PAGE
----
I don't know how Ammin does it, trying to keep a blog here (http://teachingenglish.org.uk/blogs/aminn) and do the CELTA course at the same time. As a trainer I'm struggling to find the time, and the trainees seem to be under more pressure than me.
Anyhow, I'm gonna keep it brief as brief as I can.. light comments on aspects of the course that either surprised me, challenged me, or could otherwise be of use for another trainer (and possibly even trainees) to know before coming across the situation. Let's begin.
The Learner Assignment.
Naturally the marking of assignments involves a tiny little bit of subjectivity. The criteria is detailed and very well laid out by the Cambridge ESOL syllabus, so there are clear, objective guidelines, but you'll still find a bit of variation in comments. That's nothing unusual... the thing that's struck me is the views on 'resubmission'.
When an assignment is handed in for the first time it gets either a 'pass' or a 'resubmit' (ie. you can't fail straight away). If a trainee gets a 'resubmit' they have 3 days to touch up the assignment and hand it in again (at which time they get a 'pass on resub' or a 'fail'). Now trainers/schools/courses are very well moderated and the actual, final 'pass' vs 'fail' marking seems to be highly consistent... but the resubmission is different in that:
- Some trainers, rightly, see the assignment as part of the learning process and feel that the process of writing the assignment is more important than the final product. This coupled with an understanding that the course is extremely intense and trainee teachers need to focus on their lessons and lesson planning leads those trainers to using the 'resub' mark only for assignments with serious issues that need to be looked at again.
- Other trainers, also rightly, see the assignment and the resub of the assignment as part of the learning process and feel that by using the option of asking for a resub they can guide the trainee teachers to a final product closer to what was intended - kind of combining process and product. They tend to mark an assignment resub especially if 4 sections of the assignment are spot on and 1 is not, because they see that redoing that 1 tiny section can be a valuable learning experience without being overly time consuming.
So, what's the best approach? Who can say - there are clear advantages to each. I'm currently leaning toward the 'use the resub option more' side... but who knows if that'll change with more experience.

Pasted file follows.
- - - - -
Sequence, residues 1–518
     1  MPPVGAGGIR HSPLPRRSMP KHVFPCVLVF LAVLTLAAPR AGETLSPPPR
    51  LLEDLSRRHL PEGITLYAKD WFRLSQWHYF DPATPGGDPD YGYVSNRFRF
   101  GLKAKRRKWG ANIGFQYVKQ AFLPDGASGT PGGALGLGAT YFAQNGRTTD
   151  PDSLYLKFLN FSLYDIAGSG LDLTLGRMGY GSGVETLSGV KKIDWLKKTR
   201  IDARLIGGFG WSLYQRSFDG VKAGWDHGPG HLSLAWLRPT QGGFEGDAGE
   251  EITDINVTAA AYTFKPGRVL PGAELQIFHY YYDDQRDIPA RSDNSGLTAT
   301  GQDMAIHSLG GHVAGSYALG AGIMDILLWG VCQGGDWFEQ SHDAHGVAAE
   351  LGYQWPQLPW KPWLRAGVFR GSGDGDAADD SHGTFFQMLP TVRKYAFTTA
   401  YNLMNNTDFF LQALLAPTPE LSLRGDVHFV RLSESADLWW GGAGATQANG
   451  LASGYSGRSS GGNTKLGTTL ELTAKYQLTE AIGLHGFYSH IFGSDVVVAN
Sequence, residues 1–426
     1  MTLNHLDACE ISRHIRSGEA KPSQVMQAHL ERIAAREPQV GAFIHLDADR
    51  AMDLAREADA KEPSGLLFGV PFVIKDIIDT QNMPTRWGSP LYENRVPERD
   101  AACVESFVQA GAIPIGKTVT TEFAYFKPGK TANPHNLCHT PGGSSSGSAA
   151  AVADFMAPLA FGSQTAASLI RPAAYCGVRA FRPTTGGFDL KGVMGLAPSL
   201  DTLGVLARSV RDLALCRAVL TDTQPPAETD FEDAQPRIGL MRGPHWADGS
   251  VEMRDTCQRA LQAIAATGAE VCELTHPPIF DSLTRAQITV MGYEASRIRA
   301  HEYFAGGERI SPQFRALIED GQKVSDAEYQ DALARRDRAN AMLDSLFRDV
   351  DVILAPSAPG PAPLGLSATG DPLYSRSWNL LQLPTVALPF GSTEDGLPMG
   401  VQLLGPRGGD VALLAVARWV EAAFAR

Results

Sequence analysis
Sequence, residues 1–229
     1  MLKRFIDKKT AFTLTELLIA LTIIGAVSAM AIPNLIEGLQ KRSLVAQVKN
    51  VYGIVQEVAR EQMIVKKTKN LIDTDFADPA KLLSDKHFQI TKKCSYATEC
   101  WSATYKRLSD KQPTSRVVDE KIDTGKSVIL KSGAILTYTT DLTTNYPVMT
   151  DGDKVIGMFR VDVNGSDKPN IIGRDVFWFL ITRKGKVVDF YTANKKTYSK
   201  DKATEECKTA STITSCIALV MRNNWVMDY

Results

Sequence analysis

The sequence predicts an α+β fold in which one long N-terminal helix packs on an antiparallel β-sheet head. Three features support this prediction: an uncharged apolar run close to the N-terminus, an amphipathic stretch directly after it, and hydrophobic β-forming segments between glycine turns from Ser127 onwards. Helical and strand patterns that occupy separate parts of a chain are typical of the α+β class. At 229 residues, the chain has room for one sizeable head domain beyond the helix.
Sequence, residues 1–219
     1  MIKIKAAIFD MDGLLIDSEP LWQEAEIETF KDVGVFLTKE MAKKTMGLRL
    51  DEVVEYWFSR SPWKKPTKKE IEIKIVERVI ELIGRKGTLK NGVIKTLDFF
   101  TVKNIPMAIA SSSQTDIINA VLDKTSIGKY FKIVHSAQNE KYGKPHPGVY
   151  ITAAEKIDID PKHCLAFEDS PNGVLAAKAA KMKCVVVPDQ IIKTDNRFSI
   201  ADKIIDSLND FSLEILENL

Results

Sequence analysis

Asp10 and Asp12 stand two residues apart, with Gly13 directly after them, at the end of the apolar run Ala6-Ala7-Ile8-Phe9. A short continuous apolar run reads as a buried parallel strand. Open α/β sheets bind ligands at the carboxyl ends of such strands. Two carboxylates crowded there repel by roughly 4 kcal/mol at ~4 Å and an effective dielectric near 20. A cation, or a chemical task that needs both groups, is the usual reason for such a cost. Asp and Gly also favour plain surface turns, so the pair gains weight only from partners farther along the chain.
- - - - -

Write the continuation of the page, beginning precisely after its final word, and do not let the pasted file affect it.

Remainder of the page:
A real quick comment - useful for trainers and trainees.
Every trainee teacher understands the importance of clarifying grammar and vocabulary.
Every trainee teacher understands the importance of using speaking practice around a grammar or vocabulary point.
Few trainee teachers get the need for actual skills work. It can be very difficult to impress the importance of practicing speaking for speaking's sake, or to impress the importance of practicing the skill of skimming a text for a general understanding before going into detail, or any of the other related skills or sub-skills.
I mentioned that my last course used 40min TP practice sessions and this one is using 30min TP practice sessions, in my last blog entry, and some of the problems I've found therein. Closely related to this, is something that slipped my mind and could potentially cause major problems:
Trainers must assign the teacher (usually by letter) for each TP Point they prepare, separately from the TP Schedule.
If you prep the TP points and have the teachers take them up in direct order based on the TP Schedule you end up with, for example, Teacher A always doing the first session of the day and Teacher F always doing the last session of the day... and with 30min sessions, you get a lot of other problems too.
Make sure you assign who is teaching at what time as well as on which day.
I'm based in China, so this is mostly a comment on the typical approach to language teaching here, but I imagine it is similar in some other places too.
After a teacher has done a 30min lesson involving just one thing: the teacher explaining (ie. no elicitation, no building up context or concept, no pair-work activities or practice, just the teacher explaining a grammar point again and again) you have to clarify that 'teacher explanations' just don't do it. That's okay, and it's expected. But...
When the teacher has been teaching within China for 5 years and has always used the same method and believes it is correct and then tries to argue with you over the point, what do you do?
You have to clarify the problem, and yet you have to be polite and respectful, and you have to try to balance areas to work on with strengths.
No solution here - you have to do all 3, no matter what, and that can be tricky. So be prepared, especially if you have experienced teachers on the course.
Assignment on the Learner/s
The assignment we used on this course allows the teachers to select exercises/tasks/activities from the course book or other resources to help Ss improve in a particular language area, etc.
May I suggest that your assignment does not allow teachers to use the course book?
90% of the teachers just chose activities that had already been used or were about to be used in their actual TP sessions, which meant: they had little work to do; they didn't think about the task carefully; they didn't get any practice using resources outside the standard course book.
I really see one of the important aspects of this assignment is encouraging teachers to be able to deal with problems that the course book doesn't deal with, and this assignment should fully encourage them to go to supplementary books, etc.
A small thing, but one that could make the learning experience more valuable.
That's all from me for now.
Would be great to hear other tutor's comments on any of these!
- Teaching resources
- Teacher development
- Teacher training